LONDON (AP) – The British government vowed yesterday to organise more flights to deport asylum-seekers to Rwanda, after a last-minute court judgement grounded the first plane due to take off under the contentious policy.
United Kingdom (UK) Home Secretary Priti Patel said “preparation for the next flight begins now” despite legal rulings that none of the migrants earmarked for deportation could be sent to the East African country. Under a deal signed in April between Britain and Rwanda, the UK government plans to send some migrants who arrive in the UK as stowaways or in small boats to Rwanda, where their asylum claims will be processed. If successful, they will stay in the African country, rather than returning to Britain.
UK Prime Minister Boris Johnson’s government said the plan is a legitimate way to protect lives and thwart the criminal gangs that send migrants on risky journeys across the English Channel.
Human rights groups argue that the plan rides roughshod over the protections afforded to refugees under rules set up after World War II. They have called the idea unworkable, inhumane and a waste of money – Britain paid Rwanda GBP120 million up front for the deal.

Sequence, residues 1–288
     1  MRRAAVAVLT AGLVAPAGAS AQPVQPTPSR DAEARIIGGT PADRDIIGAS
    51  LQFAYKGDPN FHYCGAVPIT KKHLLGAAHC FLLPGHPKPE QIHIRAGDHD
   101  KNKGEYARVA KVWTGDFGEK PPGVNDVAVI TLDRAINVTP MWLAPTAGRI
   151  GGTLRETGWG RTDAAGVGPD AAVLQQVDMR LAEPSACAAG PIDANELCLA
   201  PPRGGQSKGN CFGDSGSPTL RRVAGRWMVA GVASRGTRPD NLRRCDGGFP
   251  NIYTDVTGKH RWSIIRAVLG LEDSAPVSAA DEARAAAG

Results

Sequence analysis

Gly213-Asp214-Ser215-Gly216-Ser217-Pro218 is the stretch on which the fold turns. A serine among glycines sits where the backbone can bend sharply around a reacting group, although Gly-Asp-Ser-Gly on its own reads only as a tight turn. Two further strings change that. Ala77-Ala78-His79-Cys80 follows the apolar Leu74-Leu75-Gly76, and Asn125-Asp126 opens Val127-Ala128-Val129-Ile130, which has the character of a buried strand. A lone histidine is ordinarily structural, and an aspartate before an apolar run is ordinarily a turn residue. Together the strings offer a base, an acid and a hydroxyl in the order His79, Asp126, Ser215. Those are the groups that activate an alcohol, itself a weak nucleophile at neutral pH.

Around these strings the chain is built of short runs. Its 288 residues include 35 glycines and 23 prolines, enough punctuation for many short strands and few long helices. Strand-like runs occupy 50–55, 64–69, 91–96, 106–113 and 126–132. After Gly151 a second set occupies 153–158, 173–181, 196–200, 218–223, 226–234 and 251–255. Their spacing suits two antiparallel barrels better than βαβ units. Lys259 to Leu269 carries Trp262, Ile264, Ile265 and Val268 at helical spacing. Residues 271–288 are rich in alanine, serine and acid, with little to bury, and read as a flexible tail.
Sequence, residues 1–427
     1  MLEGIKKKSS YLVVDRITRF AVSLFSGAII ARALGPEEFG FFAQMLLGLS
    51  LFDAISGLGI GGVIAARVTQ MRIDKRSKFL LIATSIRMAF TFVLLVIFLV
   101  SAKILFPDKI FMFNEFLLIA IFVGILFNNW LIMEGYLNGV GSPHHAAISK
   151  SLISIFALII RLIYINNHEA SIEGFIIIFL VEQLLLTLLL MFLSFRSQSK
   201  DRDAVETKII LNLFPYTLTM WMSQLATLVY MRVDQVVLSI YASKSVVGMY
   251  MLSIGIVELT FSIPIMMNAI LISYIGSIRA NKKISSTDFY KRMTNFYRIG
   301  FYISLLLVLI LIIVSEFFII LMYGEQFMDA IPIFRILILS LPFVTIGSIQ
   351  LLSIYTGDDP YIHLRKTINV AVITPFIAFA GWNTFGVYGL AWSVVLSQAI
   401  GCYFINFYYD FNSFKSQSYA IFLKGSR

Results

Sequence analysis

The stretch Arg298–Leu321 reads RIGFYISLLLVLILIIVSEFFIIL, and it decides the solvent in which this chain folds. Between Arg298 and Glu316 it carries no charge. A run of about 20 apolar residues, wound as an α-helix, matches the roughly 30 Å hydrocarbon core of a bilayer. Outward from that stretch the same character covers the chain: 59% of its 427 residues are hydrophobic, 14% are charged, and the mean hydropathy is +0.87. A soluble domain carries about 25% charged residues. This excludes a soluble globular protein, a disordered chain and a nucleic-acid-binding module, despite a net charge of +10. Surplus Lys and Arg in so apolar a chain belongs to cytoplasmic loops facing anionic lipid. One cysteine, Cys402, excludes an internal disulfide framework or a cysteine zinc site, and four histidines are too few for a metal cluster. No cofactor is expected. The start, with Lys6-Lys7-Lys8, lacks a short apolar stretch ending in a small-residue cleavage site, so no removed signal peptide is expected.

Critics include leaders of the Church of England and – according to British news reports – heir to the throne Prince Charles, who is due to visit Rwanda next week as representative of his mother Queen Elizabeth II.
UK courts refused last week to ground the first flight, scheduled for Tuesday, but the number due to be aboard was whittled down by appeals and legal challenges.
The European Court of Human Rights – an international tribunal supported by 46 countries including the UK – ruled late on Tuesday that an Iraqi man due to be on the plane shouldn’t fly, saying he faced “a real risk of irreversible harm”. That allowed the final few migrants on the plane to win reprieve.